Cosmic Winds From Black Holes May Impact Evolution Of Galaxies


Researchers have discovered that powerful cosmic winds emerging from supermassive black holes in the center of dwarf galaxies may have a significant impact on the expansion and evolution of these galaxies by suppressing star formation. Small galaxies having stars between 100 million to a few billion are classified as dwarf galaxies and they are the most abundant type the universe. However, the Milky Way has around 200-400 billion stars. The Sloan Digital Sky Survey has mapped more than 35 percent of the sky to find 50 dwarf galaxies and researchers have used its data to find that 29 of them have shown signs of having black holes in their centers. The team of astronomers, including those from the University of California Riverside in the United States, was surprised by the strength of the detected winds.

According to the study – published in The Astrophysical Journal – researchers found that cosmic winds are emerging from the active black hole centres of six of these 29 galaxies. These winds are specifically the high-velocity flow of ionized gas. The scientists managed to measure specific properties of these winds, such as their power source, kinematics, and distribution for the first time. Gabriela Canalizo, a professor of physics and astronomy at the University of California Riverside, said that the winds were stronger than they had anticipated. Gabriela added that supermassive black holes can have a profound influence on the way large galaxies grow and age.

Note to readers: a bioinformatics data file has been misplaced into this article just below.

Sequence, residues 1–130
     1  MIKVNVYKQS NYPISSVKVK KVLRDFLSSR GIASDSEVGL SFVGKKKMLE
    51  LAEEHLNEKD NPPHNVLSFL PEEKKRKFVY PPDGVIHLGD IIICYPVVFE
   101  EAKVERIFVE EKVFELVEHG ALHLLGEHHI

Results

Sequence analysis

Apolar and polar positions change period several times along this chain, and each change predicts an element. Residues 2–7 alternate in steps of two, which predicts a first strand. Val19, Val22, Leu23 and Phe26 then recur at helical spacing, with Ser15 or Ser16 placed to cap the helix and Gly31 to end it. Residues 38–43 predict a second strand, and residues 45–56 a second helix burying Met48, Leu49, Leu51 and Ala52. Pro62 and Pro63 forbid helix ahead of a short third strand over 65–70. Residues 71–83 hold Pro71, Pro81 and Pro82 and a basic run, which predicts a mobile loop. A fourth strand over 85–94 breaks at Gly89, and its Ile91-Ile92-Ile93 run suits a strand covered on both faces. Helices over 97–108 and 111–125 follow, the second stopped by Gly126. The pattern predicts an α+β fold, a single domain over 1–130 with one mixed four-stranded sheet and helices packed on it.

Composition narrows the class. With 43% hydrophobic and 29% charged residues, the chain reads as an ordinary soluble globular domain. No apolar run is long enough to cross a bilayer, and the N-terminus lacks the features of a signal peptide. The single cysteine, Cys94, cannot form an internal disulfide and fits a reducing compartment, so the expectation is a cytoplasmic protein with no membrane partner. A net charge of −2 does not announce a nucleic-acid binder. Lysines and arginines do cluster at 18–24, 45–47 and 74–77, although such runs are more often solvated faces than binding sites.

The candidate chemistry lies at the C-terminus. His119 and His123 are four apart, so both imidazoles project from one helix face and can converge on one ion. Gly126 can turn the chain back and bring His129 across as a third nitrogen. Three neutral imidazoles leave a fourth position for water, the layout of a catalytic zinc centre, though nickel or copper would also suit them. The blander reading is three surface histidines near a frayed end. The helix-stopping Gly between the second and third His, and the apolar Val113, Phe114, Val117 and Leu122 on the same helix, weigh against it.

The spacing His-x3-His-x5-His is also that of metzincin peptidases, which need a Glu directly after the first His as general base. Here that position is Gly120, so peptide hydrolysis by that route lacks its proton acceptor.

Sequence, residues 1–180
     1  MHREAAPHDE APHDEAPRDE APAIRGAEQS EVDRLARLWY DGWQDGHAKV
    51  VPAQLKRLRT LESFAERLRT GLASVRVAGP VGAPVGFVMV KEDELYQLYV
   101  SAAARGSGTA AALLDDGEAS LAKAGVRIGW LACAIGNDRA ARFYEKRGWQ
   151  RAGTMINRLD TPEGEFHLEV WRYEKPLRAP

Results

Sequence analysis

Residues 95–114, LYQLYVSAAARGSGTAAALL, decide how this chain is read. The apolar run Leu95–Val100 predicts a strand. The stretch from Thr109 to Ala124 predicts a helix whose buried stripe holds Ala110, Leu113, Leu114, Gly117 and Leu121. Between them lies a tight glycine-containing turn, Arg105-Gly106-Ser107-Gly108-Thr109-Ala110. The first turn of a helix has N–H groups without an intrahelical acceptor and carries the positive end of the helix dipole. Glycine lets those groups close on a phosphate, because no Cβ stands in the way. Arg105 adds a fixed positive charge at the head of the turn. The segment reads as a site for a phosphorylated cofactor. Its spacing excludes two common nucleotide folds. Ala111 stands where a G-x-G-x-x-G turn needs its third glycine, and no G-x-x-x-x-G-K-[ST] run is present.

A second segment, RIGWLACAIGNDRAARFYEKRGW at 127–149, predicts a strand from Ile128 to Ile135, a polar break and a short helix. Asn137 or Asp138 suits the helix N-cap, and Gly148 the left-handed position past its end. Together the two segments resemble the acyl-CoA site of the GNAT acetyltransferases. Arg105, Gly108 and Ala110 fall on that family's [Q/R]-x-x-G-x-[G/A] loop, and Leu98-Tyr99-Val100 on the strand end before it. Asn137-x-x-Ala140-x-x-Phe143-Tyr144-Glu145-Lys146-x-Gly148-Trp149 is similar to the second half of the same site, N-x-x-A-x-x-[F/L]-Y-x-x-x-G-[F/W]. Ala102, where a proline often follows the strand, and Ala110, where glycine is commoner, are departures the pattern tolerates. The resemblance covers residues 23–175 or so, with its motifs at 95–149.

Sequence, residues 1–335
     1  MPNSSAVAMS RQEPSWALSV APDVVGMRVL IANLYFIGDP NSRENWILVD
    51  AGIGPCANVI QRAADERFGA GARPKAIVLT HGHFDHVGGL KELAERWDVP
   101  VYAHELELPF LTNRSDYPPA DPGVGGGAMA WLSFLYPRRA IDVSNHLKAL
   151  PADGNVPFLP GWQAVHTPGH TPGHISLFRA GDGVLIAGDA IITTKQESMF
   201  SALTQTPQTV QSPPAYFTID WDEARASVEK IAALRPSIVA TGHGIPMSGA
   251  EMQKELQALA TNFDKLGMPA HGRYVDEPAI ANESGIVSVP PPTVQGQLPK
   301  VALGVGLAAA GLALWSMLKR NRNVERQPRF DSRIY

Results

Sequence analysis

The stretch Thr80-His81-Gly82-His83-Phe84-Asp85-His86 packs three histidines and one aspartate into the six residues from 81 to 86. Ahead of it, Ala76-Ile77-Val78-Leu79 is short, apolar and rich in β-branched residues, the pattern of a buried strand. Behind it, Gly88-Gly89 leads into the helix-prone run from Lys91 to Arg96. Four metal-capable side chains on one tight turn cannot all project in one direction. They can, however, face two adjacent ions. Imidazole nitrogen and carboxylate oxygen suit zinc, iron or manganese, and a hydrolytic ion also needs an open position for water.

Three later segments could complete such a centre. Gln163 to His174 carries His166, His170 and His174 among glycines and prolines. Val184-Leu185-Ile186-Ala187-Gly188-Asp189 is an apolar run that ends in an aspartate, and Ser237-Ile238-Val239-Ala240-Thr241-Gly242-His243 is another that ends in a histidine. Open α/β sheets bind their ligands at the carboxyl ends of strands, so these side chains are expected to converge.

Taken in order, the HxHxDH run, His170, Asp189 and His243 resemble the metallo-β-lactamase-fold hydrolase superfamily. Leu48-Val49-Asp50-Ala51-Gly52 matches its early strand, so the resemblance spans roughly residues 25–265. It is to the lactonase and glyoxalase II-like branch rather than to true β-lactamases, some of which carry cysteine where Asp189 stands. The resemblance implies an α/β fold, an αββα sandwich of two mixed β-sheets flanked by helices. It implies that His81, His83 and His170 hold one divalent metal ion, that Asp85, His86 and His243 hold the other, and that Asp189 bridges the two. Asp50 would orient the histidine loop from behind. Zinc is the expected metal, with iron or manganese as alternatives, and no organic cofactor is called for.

The two other researchers of the team are Laura V Sales, an assistant professor of physics and astronomy and Christina Manzano-King, a doctoral student in Canalizo’s lab. Manzano-King explained that dwarf galaxies are small in size because they avoid merging with others. This is why they serve as fossils which reveals the condition of the early universe. On the other hand merger of dwarf galaxies often form large galaxies. He explained that friction and strong gravitational fields heat up material as they get sucked into a black hole. This results in the release of radiative energy which pushes cosmic winds outward into intergalactic space. Researchers suspect that when the wind is pushed out, it compresses the gas ahead of the wind, increasing the rate of star formation. However, if all the wind gets expelled outwards, the availability of gas reduces and star formation could decrease. The latter phenomenon seems to be occurring in the six dwarf galaxies identified by the researchers.